Eric Wedge: dead man walking

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It’s not a feeding frenzy yet, but blood is definitely in the water in Cleveland:

The fate of manager Eric Wedge is in the hands of owner Larry and
team president Paul Dolan. If they say he’s gone, he’s gone . . . When
asked if he was considering a change, Larry Dolan said, “I’ll talk to
you later.” When asked if that meant a change was being considered,
Dolan said, “I just don’t want to lie to you.”

Since then Paul Dolan said that nothing was imminent, and GM Mark
Shapiro says he thinks that Wedge should keep his job. As the article
says, though, it’s probably not Shapiro’s call.

I’m not one of those guys who thinks that firing a manager is
necessarily the best solution — in fact it rarely is — but I can’t
say I see any benefit to keeping Eric Wedge around. His defenders will
cite all of the injuries the Indians have suffered, but (a) they were
playing poorly right of the gate this season; and (b) even if they
weren’t, injuries are a fact of life in baseball that just have to be
overcome. Except Cleveland never overcomes them, and at some point
someone has to be held responsible for that. Maybe that’s Mark Shapiro
for not supplying the kind of depth an otherwise talented team needs in
order to work through this stuff. There’s an order in which these
things tend to proceed, however, and that usually involves the manager
getting axed first.

Not that we’d be talking epic unfairness if Wedge were to get
canned. He has has had seven years to make something work with this
team, and with one near-magical exception, it hasn’t worked. Better
managers than Eric Wedge have been let go after compiling shorter and
less disappointing records. When you add in the observation by the great Terry Pluto
that Wedge just looks lost and beat and demoralized these days, one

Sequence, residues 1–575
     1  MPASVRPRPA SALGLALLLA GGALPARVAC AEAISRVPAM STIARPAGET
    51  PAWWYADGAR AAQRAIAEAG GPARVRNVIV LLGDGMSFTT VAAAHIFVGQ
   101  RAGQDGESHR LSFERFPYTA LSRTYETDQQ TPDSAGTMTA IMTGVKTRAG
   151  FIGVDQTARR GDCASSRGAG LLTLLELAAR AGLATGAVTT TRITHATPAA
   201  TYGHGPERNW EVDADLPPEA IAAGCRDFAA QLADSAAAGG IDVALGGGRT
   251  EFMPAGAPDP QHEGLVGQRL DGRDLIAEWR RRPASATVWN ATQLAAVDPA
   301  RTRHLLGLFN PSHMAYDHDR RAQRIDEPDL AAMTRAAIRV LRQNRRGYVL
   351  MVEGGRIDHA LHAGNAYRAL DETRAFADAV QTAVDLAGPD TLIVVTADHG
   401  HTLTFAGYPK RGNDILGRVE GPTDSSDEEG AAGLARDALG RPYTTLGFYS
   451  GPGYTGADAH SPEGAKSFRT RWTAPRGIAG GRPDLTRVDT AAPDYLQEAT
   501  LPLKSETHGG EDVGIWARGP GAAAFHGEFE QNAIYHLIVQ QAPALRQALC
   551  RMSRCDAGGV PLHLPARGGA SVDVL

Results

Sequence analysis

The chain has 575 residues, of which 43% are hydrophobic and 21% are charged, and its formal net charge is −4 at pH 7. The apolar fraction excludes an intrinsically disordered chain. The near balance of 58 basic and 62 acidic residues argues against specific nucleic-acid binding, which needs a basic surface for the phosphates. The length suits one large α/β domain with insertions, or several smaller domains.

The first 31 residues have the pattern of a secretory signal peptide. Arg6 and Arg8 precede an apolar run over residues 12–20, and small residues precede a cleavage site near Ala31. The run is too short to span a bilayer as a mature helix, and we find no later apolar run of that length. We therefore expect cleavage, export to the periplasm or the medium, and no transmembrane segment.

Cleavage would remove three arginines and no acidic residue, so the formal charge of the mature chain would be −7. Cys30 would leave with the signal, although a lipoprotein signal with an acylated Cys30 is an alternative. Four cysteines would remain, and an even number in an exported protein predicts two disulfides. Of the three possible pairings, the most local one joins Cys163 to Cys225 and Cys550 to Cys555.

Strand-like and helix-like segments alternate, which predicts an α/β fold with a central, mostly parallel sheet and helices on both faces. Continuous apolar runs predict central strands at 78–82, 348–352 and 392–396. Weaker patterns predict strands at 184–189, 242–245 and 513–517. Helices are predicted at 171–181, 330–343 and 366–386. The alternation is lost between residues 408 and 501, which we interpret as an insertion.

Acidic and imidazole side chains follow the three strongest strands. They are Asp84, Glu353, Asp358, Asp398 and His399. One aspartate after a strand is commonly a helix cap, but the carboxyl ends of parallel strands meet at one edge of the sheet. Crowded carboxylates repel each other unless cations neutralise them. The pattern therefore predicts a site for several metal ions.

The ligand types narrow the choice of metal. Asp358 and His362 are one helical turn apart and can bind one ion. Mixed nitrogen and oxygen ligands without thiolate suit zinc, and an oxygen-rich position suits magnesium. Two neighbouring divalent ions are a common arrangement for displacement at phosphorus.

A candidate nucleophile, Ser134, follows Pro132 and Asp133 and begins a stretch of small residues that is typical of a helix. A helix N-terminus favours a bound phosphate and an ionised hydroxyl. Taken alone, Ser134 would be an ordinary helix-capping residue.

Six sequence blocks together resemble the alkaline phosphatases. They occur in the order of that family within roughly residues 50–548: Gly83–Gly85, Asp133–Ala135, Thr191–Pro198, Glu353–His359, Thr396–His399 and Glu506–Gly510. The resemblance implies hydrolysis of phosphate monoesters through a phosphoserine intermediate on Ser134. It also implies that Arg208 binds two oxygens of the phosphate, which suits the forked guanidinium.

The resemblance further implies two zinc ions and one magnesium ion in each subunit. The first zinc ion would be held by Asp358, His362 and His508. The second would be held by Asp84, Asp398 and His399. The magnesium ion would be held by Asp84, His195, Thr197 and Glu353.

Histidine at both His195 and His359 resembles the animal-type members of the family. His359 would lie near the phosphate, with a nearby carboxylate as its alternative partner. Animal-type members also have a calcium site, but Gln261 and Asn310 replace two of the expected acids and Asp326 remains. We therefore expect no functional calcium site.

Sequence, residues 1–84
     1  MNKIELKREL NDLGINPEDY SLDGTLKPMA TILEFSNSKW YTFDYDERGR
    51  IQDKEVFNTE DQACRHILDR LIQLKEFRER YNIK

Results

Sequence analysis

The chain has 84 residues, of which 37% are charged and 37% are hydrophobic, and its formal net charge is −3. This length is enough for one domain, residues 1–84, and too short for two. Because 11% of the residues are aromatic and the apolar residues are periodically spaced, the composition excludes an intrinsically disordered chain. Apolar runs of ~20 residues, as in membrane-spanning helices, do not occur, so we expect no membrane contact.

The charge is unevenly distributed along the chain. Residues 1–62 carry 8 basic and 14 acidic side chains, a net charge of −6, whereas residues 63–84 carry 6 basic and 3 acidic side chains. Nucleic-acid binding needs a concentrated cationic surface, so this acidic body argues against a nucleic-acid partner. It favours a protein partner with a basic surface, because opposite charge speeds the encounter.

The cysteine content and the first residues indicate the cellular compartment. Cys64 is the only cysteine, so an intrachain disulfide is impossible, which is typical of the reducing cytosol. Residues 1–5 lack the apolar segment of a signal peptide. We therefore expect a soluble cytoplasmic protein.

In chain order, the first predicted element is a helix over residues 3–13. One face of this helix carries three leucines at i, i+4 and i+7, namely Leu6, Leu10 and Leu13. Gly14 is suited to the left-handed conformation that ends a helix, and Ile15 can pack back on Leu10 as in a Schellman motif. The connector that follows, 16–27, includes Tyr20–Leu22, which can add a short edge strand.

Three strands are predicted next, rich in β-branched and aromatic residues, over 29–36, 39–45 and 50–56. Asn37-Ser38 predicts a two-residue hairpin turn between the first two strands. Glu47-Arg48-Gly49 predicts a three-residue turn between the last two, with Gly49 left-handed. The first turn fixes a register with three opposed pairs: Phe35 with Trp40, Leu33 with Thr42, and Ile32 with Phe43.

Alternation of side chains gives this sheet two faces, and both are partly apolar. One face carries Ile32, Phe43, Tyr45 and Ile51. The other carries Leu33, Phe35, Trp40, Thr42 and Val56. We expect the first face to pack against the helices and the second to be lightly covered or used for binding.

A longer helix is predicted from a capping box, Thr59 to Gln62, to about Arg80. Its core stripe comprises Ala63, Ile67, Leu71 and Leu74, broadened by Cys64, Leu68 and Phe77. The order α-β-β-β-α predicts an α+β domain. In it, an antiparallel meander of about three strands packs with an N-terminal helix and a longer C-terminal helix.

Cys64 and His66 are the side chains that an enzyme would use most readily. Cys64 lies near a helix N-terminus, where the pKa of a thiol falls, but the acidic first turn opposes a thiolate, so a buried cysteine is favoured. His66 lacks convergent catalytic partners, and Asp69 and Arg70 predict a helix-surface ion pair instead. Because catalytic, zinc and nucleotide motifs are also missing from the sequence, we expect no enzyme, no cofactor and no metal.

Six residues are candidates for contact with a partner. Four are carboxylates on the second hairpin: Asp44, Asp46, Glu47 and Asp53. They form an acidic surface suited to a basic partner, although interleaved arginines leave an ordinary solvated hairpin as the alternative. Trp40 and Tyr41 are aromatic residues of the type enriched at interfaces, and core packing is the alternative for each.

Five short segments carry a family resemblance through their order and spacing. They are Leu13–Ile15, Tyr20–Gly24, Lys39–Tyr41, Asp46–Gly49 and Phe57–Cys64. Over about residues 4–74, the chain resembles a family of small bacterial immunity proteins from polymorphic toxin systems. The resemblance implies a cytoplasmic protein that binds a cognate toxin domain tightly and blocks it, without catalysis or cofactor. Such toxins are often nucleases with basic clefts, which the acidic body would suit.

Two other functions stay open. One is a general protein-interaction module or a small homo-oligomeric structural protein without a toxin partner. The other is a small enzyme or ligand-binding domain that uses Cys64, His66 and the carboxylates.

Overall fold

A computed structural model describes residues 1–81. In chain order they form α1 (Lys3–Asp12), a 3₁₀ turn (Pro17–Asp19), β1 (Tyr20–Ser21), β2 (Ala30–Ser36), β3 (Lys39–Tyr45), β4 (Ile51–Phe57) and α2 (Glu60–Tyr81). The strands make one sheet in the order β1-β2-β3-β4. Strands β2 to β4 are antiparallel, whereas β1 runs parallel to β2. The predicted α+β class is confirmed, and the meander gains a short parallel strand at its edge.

can’t help but think that a change would do both him and the Indians
some good.

CC Sabathia checking into alcohol rehab center

sabathia getty

This is totally unexpected and definitely unfortunate: The New York Yankees just released a statement from CC Sabathia saying that he is checking himself into alcohol rehabilitation center.

There will no doubt be additional details and reporting going forward, but this is all we have at the moment.

Sabathia, who was involved in a relatively minor incident outside a nightclub back in August, has battled injuries and ineffectiveness for the past three seasons but has, in his last few starts, shown himself to be effective, even if he’s not to the level he once was. And, should the Yankees advance past the Wild Card game, one would have assumed that the Yankees would’ve been counting on him for the playoff rotation.

Now, however, that seems both doubtful and completely superfluous. Here’s hoping Sabathia deals with whatever problems he’s facing and comes out healthy on the other end.

Diamondbacks fire pitching coach Mike Harkey

Oliver Perez, Mike Harkey
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Nick Piecoro of the Arizona Republic reports that the Diamondbacks have fired pitching coach Mike Harkey following a season in which the staff ranked ninth among NL teams in runs allowed.

That actually represents a big improvement from last season, when the Diamondbacks allowed the second-most runs in the league in Harkey’s first year as pitching coach, but the Tony La Russa-led front office has decided to make a change.

Prior to joining the Diamondbacks two offseasons ago Harkey served as the Yankees’ bullpen coach from 2008-2013. He pitched eight seasons in the majors.